Postcards to Ilya Kaminsky, in La Piccioletta Barca
Updated: 3 days ago
Profound thanks to UK-based Arts journal, La Piccioletta Barca, for naming as Finalist my poem (hybrid form), "Postcards to Ilya Kaminsky", which appears in the just-released Antimatter Issue, online here: https://www.picciolettabarca.com/competition-issue-2020#postcards-addressed-to-ilya-kaminsky La Piccioletta Barca is brimming with intelligent, original work. Check it out!
Photo made in Sighisoara, 2019
Postcards addressed to Ilya Kaminsky by Deborah Kelly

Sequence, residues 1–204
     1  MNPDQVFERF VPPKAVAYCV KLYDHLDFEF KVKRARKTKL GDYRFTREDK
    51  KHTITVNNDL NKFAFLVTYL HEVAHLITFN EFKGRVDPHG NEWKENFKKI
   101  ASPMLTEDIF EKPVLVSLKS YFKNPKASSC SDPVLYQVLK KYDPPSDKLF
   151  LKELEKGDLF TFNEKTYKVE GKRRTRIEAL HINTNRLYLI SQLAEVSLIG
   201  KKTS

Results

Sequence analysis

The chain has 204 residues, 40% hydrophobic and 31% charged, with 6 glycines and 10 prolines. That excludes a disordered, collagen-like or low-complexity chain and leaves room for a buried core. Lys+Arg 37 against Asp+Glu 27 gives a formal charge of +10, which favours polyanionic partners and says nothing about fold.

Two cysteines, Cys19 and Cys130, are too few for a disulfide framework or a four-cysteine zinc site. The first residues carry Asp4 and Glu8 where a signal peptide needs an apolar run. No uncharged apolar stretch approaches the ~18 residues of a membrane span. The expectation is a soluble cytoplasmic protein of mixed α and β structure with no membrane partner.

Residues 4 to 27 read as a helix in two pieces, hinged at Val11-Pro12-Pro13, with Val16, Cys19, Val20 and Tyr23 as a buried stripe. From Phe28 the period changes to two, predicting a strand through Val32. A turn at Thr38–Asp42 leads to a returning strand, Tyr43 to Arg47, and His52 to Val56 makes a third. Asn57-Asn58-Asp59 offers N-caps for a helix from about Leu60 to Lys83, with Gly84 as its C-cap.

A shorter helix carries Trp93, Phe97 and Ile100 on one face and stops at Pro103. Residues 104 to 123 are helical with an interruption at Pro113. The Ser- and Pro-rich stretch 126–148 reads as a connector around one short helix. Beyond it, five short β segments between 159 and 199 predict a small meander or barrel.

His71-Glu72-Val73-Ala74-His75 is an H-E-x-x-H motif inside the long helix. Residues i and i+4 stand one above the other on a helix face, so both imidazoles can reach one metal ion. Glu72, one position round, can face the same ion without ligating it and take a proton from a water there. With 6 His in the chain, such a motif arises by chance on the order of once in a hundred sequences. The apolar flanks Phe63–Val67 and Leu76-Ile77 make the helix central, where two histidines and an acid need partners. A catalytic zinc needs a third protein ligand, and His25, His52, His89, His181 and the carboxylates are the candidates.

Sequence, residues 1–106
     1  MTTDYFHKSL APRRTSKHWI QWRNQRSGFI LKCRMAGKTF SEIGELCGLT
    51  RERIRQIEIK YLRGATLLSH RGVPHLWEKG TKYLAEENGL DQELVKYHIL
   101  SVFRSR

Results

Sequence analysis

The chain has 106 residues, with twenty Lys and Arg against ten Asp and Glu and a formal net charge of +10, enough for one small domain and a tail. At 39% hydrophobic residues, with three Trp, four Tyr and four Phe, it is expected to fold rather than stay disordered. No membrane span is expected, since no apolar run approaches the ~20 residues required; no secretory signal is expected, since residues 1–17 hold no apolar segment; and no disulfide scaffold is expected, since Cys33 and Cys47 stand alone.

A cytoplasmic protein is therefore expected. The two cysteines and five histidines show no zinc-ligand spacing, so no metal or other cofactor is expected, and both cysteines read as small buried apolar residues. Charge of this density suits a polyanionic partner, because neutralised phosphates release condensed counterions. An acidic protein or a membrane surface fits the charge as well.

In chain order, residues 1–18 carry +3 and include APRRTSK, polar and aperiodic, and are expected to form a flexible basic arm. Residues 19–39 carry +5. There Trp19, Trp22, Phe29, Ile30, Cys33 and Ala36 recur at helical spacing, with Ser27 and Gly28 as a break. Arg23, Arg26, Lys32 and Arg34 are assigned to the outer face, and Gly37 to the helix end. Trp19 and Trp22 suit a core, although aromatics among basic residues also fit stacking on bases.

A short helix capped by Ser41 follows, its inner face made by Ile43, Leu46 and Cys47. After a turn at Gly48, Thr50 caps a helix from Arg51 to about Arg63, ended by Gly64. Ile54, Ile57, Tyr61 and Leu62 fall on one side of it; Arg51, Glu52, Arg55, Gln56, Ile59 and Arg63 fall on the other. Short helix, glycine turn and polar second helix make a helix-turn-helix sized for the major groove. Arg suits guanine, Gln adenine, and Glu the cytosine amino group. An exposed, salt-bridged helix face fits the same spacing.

8/3 Dear Ilya, I took a photo today at the Denver airport, of a young woman seated at a departure gate: pink-floss hair, crying through eyelash glue. She was going home to a shot-up shopping mall and a series of funerals, back in El Paso, Texas. On her lap, a sketchbook of ink drawings opened to a page full of gesturing hands. 8/4 Dear Ilya, I took the wrong bus from Heathrow Airport and so toured the thoroughfares of Southhall. Veils and robes. So many kinds of veils and robes. They don’t like each other, here or anywhere, that much is clear from watching. Just as in so-called Western cultures, but with more fabric. We all know we’re in trouble and either say nothing or, if we can, we make art and activism and love. Or we wear God, a god, or gods, wrapped around our bodies and faces. We see heaven in various ways, depending on the style of cloth. And I become sad in crowds. So much wet dust. Some so difficult to touch, in a cosmos from which no kind of energy or matter is ever lost, just changed. My solace is the possibility of a collective consciousness. My hope is in mycelia. 8/5 Dear Ilya, Today I visited the court palace of King Henry VIII and his successors. They spared nothing for the glory of king and kingdom: I saw Prince William’s wee, red, velvet-seated loo; yew trees along the garden promenade, clipped and hemmed like hoop-skirts; and on a dining room table, paper replicas of swans and peacocks and pigs that were served on platters to King William. A small public was invited sometimes to watch him eat, from behind a braided cord, so the kingdom would know he had a healthy appetite and be confident in his hardiness to rule. I went to the palace with a man who had stage-four brain cancer, some of which could not be excised by last month’s surgery, and whose left lobe now has a steel shield instead of bone. I stood with my right ear toward my friend, so I could hear what he said, my other one being injured. I’d just learned I, too, have an unwanted growth in my brain, but it is small and between lobes. On the palace grounds we watched a swan sleep, her tiger-lily bill tucked under her wing. All afternoon I’ve tried to be outside in the sunlight, as a remedy for jetlag. The Sun, without scion or successor, another point of light bound to its own finite gravity while it burns. 8/6 Dear Ilya, I’m in Cluj. The memory of war here feels both archaic and a present threat. I didn’t imagine this. And the unprecedented heat throughout Europe is so much harder in any city, harder still where mold is more common than moss. The historic center is charming, of course. It is undergoing restoration from Ceausescu’s masks, his concrete slabs. 8/15 Dear Ilya, I saw The Ukraine yesterday from across the river-border in the Romanian county of Oas. People over here say we’re far away from the troubles in Northern Ukraine. Do places look different right before trouble starts? Can you see it from across a river? A few kilometers from Sighet, we drove through forest. It was haunted, or I was, but I kept quiet so others wouldn’t see. Ghost Jews marked and then unmarked. Trains without seats. Elie Wiesel's eyes on his cheekbones. And again, now, we grieve between goodbyes and greetings, in terror because our world is under so much threat. Our tea, if taken alone, tastes burnt. If taken together with milk, still burnt, but with milk. I didn’t used to drink tea with milk. My survival depends on distraction—to buy shoes that will last for years, friendship with a woman who cultivates pears. To sit on a patio imagining my sons and daughter kissing loved-ones hundreds or thousands of times or more. To sort sentimental objects for review in old hands, when I’m old. 8/16 Dear Ilya, I’m round. When I wonder where my head is, I have to push it out. What kind of girl is a myth of one like me? This also is a distraction. 8/17 Dear Ilya, This part of Europe at this time of world frightens me some, like I told you. The fascists in Spain seemed so long-gone when I was there two or three years ago, reading Lorca, considering his poems delicious and the location of his murder mysterious. Now, so close to the borders of states ready to crush anything, and not for glory, with emblems of past authoritarian regimes still visible on the sides of buildings, I don’t feel like a tourist, but like I’m reading news of a wartime not long-enough past, or too recently begun to accurately recount. With my own country splitting and sweating, twitching and armed, whatever safety I’ve felt within it is dissolving. 8/19 Dear Ilya, I’ve left Romania and am now in Oxford, England for a few days. It is crowded with crowds of Chinese (and some Japanese) tour groups. I’ve learned that, to get anywhere, I have to disregard their mania for taking photographs of each other, fashion-forward and painstakingly one-at-a-time. The Bridge of Sighs. The US is in a trade war with China and an armed diplomatic crisis with a militarized North Korea. Beijing is cracking down on protesters fighting to maintain the autonomy of Hong Kong. I must be in a dozen Chinese travel photos, determinedly rushing through a medieval square. 8/20 Dear Ilya, The Oxford Botanical Garden, where I went today, is located on the grounds of a 12th Century Jewish cemetery, which was plowed over for creation of the park in the 13th. Jewish burials were henceforth ordered done on land a ways down Dead Man’s Lane. A plaque at the Garden entrance states that, in the following century, King Edward the First expelled all Jews from England. It doesn’t say why. The desecrated graves remain beneath the flower beds, the largest of which are of plants known for their ability to self-perpetuate, and to survive both drought and poor soil. 8/21 Dear Ilya, I took a photo today of where the mad Queen Anne collapsed under her excesses. The tour guide suggested the cause was too much cocoa. She was barely alive after that. There is too much to know, even if one only tries to learn the curated past. Sitting on the terrace of a restaurant, I ask: What is there to know about the robust naked torso of a man, a sculpture, centered among the polite diners? What is to know is that everyone ignores him, buttocks hovering over the backs of a German family and their hamburgers, giving full-frontal, fruited shade to the elderly gentleman in his summer hat, who forks apart his whole-mackerel dinner. 8/24 Dear Ilya, While staying this week at Doorknocker College, I’ve tried to be open-minded, but people here balance tiddlywinks on their noses. What’s more, they take their tiddlywinks very seriously. I remember that people at The University of Chicago, where I once worked, had the same custom. It is harder to maintain during harsh winters, trying to cross quads in the wind. That great leveler of all things, the wind. I head home to my Colorado mountains tomorrow.